Kafka Arch after KRaft

Participating entities in KRaft and Raft

As per KIP-595’s illustrated state machine, there is one more state a broker could go to apart from the classic Follower, Candidate, and Leader states called the Observer state.

State machine as mentioned by KIP-595

As per the above-mentioned KIP, each broker will act as an Observer and every controller node shall act as a Follower / Leader.

I would have loved to go deeper into the metadata quorum data storage, but the KIP-631 specifying the same hasn’t been accepted yet :(

Leader election

Let’s move on the the juicy bits, I was interested in how the leader elections take place, and being honest, there’s not a lot of difference between the two flavors of raft in this regard apart from the following distinctions:

  • A slice of time where a leader should serve is called Epoch in KRaft whereas its counterpart in “pure” Raft is called Term.
  • In Kraft, a broker is allowed to vote for only a single broker in an epoch and this state is required even when the broker restarts, hence it’s stored in the disk in a quorum-state file that is fsync’d immediately when appended. You can find the Quorum State structure here.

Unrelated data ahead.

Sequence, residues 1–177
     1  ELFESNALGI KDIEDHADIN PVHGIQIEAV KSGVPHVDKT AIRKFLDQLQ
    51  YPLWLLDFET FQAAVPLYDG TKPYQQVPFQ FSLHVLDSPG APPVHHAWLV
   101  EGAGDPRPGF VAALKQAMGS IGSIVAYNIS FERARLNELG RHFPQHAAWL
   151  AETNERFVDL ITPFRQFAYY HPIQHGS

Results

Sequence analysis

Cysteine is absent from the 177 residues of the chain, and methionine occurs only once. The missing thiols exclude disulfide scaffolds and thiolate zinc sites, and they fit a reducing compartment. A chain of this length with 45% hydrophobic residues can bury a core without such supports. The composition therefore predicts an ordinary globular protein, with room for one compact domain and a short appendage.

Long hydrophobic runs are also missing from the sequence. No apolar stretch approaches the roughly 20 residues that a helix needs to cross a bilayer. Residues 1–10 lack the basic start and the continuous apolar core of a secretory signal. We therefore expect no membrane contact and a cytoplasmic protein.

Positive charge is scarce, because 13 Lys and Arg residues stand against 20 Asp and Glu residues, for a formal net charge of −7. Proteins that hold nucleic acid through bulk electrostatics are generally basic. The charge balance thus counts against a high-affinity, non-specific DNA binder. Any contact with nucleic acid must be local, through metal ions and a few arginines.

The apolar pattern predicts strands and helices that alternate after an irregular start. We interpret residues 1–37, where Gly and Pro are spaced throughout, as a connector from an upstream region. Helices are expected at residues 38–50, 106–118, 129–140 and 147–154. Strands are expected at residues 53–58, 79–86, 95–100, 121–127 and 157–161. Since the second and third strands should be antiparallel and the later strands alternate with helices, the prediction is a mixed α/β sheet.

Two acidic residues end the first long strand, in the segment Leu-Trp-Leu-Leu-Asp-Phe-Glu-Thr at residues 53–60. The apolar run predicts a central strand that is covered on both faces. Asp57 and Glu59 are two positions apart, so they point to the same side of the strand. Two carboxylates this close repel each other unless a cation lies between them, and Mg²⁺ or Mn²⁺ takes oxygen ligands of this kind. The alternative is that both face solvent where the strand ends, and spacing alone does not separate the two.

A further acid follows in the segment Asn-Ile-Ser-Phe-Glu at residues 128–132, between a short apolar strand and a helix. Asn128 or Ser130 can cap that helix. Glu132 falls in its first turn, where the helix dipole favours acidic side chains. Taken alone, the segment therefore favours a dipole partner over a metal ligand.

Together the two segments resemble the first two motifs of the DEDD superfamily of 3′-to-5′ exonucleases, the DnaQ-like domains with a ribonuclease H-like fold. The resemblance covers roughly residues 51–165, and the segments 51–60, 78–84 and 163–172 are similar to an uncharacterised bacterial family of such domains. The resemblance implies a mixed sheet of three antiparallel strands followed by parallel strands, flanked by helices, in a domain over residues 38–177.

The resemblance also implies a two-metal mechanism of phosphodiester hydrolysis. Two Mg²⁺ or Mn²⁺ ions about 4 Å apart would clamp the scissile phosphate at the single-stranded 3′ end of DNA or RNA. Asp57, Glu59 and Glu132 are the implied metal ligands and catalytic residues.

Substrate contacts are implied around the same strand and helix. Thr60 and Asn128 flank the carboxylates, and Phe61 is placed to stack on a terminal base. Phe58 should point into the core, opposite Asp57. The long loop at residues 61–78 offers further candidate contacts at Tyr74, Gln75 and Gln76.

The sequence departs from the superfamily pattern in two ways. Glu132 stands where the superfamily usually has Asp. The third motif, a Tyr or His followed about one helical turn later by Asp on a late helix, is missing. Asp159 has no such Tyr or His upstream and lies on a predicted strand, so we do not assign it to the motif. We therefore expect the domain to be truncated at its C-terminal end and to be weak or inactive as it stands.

Election Begins!

An important distinctive factor in Kraft and Raft is that the former is pull-based while the latter is push-based which means that in Kraft, a voter(follower) keeps polling with the leader to find out the latest log entries (we’ll discuss this later in detail).

Keeping this in mind, an election could be triggered in the following conditions:

  1. If it fails to receive a valid FetchResponse from the current leader before the expiration of
  2. If it receives a EndQuorumEpoch request from the current leader notifying the end of the Leader’s current term (explained better in the zombie leader section)
  3. If it fails to receive a majority of votes before the expiration of after declaring itself a candidate.

The voting process